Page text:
"In this elegant, open-hearted elegy for his fallen friend, Hsu does the labor of love, of taking time to recall and make record of the quotidian detail of another man's life. In this way, he reveals for us all how aesthetics are products of both relationships and of terrible loss. The river of this memoir is quiet and deep, unassuming, it enters the reader and changes us with its capacity for connection." —Sarah Schulman, author of Let the Record Show
“'I was a storyteller with a plot twist guaranteed to astound and destroy,’ Hua Hsu says of himself, in a tone that is slightly ironic. And yet what he has achieved in Stay True is exactly that: to astound and destroy his reader. This book is exquisite and excruciating and I will be thinking about it for years and years to come.” —Rachel Kushner, two-time National Book Award finalist and New York Times bestselling author of The Flamethrowers and The Mars Room
"Hua Hsu’s Stay True is a rich, intelligent, and beautifully crafted portrait of just about everything that matters in life. Here is friendship, art, and family cast against a distinctly American backdrop of migration in language so precise and subtle that you might not even notice how it breaks and mends your heart." —Dinaw Mengestu, author of All Our Names
"In crafting Stay True, Hua Hsu has opted to trust the consequential size of memories shared with Ken over what we readers feel we are owed. The result is one of the finest memoirs I've ever read." —Kiese Laymon, New York Times bestselling author of Heavy "New Yorker staff writer Hsu braids music, art, and philosophy in his extraordinary debut. . .Hsu parses the grief of losing his friend and eloquently captures the power of friendship and unanswerable questions spurred in the wake of senseless violence. The result is at once a lucid snapshot of life in the nineties, an incredible story of reckoning, and a moving elegy to a fallen friend." —Publishers Weekly *starred review*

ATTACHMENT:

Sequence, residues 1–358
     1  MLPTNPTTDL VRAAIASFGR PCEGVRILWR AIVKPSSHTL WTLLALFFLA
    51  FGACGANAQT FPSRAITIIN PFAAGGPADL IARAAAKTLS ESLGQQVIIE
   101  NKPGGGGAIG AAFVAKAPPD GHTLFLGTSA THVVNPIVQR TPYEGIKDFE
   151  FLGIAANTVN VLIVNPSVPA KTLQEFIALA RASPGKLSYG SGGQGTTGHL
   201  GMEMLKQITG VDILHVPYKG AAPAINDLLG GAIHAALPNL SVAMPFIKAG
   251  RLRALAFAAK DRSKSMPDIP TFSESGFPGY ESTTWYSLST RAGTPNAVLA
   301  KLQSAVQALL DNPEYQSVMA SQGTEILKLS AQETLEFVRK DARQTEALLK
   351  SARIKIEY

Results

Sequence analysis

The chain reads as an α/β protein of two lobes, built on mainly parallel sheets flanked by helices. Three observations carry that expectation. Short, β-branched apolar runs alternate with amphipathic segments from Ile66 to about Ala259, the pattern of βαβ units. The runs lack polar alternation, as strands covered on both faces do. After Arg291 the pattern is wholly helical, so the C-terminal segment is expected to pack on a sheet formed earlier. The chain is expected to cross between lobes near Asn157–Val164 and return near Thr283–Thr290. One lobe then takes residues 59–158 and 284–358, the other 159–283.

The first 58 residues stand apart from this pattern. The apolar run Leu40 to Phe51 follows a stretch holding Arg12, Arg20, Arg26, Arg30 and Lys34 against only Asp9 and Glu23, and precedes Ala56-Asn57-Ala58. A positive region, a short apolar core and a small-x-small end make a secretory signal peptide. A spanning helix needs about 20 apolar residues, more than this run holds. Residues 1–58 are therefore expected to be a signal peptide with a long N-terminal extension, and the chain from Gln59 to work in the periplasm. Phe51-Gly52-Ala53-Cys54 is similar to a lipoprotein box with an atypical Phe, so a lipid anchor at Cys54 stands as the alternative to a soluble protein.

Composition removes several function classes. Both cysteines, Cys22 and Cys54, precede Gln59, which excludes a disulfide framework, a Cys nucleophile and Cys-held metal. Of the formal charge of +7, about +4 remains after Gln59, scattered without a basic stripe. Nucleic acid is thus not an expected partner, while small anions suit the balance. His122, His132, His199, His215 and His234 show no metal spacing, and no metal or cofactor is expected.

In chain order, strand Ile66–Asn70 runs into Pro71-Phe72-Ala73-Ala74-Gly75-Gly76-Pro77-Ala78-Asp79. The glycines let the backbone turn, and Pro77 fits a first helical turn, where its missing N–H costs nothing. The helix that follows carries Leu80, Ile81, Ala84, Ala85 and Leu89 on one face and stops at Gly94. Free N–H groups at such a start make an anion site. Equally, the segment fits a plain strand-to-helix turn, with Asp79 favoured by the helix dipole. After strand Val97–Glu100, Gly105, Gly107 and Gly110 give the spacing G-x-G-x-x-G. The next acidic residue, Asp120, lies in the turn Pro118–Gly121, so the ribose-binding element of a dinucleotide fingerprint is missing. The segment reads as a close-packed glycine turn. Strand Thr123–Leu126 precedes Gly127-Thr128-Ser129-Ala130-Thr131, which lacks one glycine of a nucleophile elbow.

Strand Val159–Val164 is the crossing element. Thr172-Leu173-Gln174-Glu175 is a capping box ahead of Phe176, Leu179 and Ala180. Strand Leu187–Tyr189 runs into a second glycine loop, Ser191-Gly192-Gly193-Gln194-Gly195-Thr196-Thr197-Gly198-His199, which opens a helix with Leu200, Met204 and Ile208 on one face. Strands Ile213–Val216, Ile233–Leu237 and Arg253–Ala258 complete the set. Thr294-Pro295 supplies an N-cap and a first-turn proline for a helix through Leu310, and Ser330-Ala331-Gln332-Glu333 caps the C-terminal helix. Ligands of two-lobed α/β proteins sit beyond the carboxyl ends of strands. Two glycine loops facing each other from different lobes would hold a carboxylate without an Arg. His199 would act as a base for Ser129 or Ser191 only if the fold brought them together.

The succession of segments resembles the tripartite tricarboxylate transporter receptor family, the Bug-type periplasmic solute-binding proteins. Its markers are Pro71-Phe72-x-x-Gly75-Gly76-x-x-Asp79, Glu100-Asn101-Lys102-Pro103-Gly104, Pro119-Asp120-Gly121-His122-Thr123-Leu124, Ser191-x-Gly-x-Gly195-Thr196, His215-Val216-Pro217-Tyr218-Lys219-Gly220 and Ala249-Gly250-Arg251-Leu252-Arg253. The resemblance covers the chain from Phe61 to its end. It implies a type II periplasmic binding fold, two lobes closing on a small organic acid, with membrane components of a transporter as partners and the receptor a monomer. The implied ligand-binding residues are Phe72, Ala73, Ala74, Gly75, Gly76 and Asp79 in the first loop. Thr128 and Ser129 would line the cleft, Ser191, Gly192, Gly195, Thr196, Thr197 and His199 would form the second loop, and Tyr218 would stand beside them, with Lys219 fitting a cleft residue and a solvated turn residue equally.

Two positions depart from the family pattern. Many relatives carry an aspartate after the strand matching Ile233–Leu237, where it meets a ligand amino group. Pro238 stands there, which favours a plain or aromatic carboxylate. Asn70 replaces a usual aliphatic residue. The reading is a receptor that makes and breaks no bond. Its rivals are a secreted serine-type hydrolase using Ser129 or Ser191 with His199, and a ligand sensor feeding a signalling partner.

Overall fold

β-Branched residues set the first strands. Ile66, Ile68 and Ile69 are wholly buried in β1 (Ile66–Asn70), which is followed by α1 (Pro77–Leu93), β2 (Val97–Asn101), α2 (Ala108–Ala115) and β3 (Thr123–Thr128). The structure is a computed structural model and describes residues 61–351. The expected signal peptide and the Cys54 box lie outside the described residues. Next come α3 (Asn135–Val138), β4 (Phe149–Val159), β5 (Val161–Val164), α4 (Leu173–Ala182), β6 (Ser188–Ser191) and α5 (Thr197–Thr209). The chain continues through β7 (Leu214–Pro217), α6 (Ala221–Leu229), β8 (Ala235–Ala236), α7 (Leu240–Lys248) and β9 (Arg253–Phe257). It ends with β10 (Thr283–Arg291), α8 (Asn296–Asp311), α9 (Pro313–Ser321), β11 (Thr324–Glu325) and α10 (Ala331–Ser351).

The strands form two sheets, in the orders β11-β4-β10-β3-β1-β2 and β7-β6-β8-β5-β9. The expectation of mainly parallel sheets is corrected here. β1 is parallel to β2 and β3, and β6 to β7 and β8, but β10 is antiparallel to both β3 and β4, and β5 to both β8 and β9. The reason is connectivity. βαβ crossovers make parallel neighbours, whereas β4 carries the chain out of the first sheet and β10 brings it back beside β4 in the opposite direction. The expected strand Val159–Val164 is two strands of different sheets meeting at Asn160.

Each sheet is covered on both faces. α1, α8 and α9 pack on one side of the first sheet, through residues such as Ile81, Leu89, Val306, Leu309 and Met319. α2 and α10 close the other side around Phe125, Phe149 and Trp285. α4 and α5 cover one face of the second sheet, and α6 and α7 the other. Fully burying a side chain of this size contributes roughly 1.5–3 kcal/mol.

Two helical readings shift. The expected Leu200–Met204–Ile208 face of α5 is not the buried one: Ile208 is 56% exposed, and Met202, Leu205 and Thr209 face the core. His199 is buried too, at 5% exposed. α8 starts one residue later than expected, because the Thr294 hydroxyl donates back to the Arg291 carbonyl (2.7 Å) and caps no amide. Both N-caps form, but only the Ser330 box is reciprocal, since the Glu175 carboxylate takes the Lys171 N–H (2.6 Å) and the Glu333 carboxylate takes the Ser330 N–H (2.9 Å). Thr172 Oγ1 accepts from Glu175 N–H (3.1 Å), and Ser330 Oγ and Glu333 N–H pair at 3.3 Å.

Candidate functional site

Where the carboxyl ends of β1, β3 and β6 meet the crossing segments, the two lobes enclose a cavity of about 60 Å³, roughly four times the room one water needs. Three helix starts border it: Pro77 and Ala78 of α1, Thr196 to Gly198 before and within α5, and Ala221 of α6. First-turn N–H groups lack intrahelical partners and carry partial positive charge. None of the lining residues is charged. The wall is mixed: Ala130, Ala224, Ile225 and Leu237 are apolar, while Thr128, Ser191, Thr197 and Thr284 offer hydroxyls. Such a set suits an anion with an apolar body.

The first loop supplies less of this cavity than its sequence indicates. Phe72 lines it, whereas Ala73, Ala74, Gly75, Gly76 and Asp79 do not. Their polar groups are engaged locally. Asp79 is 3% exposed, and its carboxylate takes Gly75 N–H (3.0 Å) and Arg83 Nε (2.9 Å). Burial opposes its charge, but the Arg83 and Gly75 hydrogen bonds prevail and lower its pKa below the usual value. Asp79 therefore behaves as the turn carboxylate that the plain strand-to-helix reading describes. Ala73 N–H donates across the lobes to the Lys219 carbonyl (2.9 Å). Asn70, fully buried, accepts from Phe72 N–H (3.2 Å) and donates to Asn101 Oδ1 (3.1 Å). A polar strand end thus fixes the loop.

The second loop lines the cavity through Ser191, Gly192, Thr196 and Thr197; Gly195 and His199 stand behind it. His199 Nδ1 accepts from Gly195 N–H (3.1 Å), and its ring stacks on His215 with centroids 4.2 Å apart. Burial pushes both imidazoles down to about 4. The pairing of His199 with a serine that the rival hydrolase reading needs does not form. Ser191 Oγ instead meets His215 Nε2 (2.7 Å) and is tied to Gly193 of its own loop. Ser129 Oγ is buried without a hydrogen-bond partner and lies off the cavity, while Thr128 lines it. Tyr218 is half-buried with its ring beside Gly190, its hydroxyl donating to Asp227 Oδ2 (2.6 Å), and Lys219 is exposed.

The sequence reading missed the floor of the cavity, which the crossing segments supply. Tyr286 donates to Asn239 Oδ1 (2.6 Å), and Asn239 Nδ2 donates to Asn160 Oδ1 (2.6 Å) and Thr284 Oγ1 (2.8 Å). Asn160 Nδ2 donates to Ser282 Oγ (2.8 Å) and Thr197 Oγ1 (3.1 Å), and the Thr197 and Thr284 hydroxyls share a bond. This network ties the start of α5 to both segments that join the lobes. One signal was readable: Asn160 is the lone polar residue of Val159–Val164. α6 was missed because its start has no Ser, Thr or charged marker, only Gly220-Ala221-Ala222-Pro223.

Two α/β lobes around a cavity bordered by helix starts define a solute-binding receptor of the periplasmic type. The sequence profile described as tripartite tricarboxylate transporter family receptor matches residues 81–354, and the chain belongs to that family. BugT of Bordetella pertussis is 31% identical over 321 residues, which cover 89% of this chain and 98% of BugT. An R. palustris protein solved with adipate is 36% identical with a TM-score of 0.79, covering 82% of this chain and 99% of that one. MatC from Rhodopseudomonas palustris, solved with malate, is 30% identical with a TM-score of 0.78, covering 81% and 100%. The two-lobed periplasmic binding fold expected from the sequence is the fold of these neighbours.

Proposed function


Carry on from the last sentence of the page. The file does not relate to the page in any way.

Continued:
"Stay True feels like one of those books that is the sum total of a writer’s life in thinking, craft, and curiosity, made felt at last, so that when the sentences come, they come with a deliberate, patient, and precise force. Hsu takes on the central theme of a friend’s violent loss and casts from that void a story that, somehow, despite the hurt and confusion, embraces the world around it with a steady and capacious centrifugal force. This is the endeavor of writing at its most open, meticulous, forgiving and tender—which is to say, this is writing at its best." —Ocean Vuong, New York Times bestselling author of On Earth We're Briefly Gorgeous
"Masterfully structured and exquisitely written. Hsu’s voice shimmers with tenderness and vulnerability as he meticulously reconstructs his memories of a nurturing, compassionate friendship. The protagonists’ Asian American identities are nuanced, never serving as the defining element of the story, and the author creates a cast of gorgeously balanced characters. A stunning, intricate memoir about friendship, grief, and memory.” —Kirkus Reviews *starred review*